Overview of House Bill 1278: The Behavioral Health Administration

HB22-1278 makes much needed updates to the definition of safety net providers in statute – opening up opportunities for smaller and specialty providers to be considered part of the public system of care for mental health. The bill also creates more robust and accountable funding models for all safety net providers.

The updated definition of safety net providers will clearly outline the responsibility of providers for serving our hardest to serve and most vulnerable people. The definition allows for more types of providers from across the continuum to be part of the safety net system, allowing for people to have more choices in who they see and adding competition to the system. Finally, the updated payment models will promote better accountability to improved outcomes for Coloradans. 

HB-1278 will clarify the role and responsibilities of the Behavioral Health Administration. It states that the BHA will do the following:

  • Set statewide standards for accessibility and quality of the safety net services. Providers will be   accountable to meet these standards through a universal contract, which is used by the BHA, its contracted intermediary organizations, and any state agency contracting for behavioral health services in Colorado.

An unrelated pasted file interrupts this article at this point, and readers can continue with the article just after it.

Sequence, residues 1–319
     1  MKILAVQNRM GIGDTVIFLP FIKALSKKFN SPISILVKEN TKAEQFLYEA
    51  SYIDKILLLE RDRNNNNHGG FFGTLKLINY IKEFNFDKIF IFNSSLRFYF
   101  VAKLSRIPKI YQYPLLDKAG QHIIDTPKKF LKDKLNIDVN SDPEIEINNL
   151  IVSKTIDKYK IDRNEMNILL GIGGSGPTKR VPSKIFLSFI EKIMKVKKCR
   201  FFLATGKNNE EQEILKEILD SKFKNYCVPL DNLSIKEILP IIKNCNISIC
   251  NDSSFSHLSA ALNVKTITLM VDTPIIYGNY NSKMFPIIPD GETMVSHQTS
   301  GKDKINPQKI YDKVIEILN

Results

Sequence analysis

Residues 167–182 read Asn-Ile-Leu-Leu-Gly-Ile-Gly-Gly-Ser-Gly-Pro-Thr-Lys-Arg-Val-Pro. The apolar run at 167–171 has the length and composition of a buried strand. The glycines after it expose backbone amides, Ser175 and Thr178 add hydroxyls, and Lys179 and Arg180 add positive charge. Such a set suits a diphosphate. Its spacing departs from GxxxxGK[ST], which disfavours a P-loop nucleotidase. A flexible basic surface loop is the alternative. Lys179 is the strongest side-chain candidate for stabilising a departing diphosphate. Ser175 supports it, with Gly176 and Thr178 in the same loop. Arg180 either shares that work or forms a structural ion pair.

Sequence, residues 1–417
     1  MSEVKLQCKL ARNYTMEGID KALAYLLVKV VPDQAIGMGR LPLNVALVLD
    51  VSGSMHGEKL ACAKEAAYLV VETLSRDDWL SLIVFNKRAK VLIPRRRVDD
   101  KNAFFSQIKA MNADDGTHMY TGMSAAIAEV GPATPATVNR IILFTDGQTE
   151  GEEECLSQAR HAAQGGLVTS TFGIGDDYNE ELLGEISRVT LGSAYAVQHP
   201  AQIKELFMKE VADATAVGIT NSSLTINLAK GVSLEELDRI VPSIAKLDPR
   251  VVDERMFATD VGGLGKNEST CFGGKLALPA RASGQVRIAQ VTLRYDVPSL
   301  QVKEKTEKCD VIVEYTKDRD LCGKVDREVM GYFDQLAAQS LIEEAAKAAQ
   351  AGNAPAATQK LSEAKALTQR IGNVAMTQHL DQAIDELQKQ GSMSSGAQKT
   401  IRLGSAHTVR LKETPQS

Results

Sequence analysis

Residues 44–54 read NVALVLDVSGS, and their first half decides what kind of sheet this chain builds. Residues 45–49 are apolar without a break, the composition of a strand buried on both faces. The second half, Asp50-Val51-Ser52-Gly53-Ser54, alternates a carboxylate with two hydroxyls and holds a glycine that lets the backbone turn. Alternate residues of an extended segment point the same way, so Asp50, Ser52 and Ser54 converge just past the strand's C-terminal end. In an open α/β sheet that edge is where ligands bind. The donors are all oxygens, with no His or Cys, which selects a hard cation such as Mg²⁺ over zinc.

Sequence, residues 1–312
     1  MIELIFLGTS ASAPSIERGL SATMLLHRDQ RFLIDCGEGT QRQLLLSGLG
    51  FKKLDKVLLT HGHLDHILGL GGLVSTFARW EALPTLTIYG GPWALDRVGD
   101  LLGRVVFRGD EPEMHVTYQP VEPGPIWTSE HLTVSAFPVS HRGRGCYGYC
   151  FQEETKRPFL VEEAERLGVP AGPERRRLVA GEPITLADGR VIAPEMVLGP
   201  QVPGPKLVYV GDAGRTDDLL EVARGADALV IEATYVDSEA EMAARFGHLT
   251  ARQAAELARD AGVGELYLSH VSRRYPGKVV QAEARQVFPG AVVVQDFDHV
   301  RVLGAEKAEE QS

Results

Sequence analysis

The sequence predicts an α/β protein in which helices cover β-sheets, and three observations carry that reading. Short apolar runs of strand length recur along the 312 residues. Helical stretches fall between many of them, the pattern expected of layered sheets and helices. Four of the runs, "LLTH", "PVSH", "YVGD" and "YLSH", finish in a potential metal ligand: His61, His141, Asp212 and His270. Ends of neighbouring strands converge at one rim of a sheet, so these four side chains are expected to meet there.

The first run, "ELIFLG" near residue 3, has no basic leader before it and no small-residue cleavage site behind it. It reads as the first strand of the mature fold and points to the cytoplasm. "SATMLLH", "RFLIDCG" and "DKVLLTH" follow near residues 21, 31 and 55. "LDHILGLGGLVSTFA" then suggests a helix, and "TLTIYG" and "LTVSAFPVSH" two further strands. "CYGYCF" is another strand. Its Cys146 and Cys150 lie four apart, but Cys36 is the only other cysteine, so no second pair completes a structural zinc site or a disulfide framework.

• Enter into formal agreements with State agencies addressing data sharing and use of the universal contract.
  • Consolidate fragmented behavioral health networks (mental health, substance use disorder treatment, and crisis services) into one behavioral health administrative services organization (BHASO) per region and will align the BHASO regions with Medicaid regions (regional accountable entities or “RAEs”).
  • Collect and analyze data on behavioral health grievances in Colorado. Aggregate data on grievances will be posted publicly and will be used to identify and address service delivery gaps and needs.
  • Create an advisory council of diverse stakeholders that will make recommendations to the BHA on service needs and gaps, standards of care, and strategic policy. At least half of the advisory council must be people with lived experience in the behavioral health system.